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Maternity Leave Laws and You


Pregnant businesswoman working in office
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Expectant mothers are often surprised to discover that there are no dedicated federal laws on maternity leave. Moreover, maternity leave laws differ from state to state.

It helps to understand the maternity leave laws before you decide to have a baby -- and certainly before you request parental leave. If you're already pregnant, this article will quickly update you on the maternity leave laws in the U.S. Your employer may provide paid leave or other benefits above and beyond what the law requires.

Federal Maternity Leave Laws

The two key federal laws on maternity leave are the Family and Medical Leave Act and the Pregnancy Discrimination Act. While neither exclusively deals with maternity leave, it's important to understand both in order to protect your rights as an expectant mother.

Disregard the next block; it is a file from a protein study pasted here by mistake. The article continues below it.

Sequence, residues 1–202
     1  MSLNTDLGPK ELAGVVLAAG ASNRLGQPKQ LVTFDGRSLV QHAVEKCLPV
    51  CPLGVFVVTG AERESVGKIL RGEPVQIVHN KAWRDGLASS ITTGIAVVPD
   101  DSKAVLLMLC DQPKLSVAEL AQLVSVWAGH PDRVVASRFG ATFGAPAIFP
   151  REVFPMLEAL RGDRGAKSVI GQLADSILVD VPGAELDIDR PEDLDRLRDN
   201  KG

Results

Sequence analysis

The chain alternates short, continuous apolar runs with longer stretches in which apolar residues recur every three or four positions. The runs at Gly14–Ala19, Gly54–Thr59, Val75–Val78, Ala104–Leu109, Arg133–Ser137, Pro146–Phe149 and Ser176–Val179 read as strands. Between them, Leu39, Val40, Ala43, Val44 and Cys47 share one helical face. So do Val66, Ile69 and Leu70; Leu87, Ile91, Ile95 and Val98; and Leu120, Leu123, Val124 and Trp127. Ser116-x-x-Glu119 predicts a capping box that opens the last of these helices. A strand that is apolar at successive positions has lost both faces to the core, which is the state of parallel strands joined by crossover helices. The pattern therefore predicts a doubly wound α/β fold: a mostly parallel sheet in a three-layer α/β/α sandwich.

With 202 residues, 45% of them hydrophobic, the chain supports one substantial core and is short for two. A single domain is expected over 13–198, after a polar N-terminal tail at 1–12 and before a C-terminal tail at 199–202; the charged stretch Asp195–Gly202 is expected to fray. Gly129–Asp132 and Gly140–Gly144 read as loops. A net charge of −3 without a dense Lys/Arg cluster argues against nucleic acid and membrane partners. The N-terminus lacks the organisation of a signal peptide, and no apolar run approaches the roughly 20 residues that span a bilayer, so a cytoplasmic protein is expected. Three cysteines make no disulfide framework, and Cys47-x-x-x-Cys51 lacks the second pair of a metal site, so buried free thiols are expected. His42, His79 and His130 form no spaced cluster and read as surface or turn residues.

The Family and Medical Leave Act protects the job of any worker who must take time away from work due to a serious illness, a sick family member or to care for a newborn, adopted or foster child. Under FMLA, you may take up to 12 weeks of unpaid leave during a 12-month period.

The Pregnancy Discrimination Act makes it illegal to discriminate against someone because of pregnancy, childbirth or a related medical condition. That means an employer cannot refuse to hire you, fire you or treat you differently in the workplace. If you believe your rights have been violated, you may make a pregnancy discrimination claim to the Equal Employment Opportunity Commission.

State Maternity Leave Laws

Each state may provide protections above and beyond FMLA. For instance, a few states provide paid maternity leave through a temporary disability program. Others specifically provide workers with the right to take time off work for their children's educational activities.

Because of the variety of benefits provided in different states, it's worth checking with your home state to learn your rights. The National Conference of State Legislatures tracks state maternity leave laws.

Sources: The U.S. Labor Department, The National Conference of State Legislatures.

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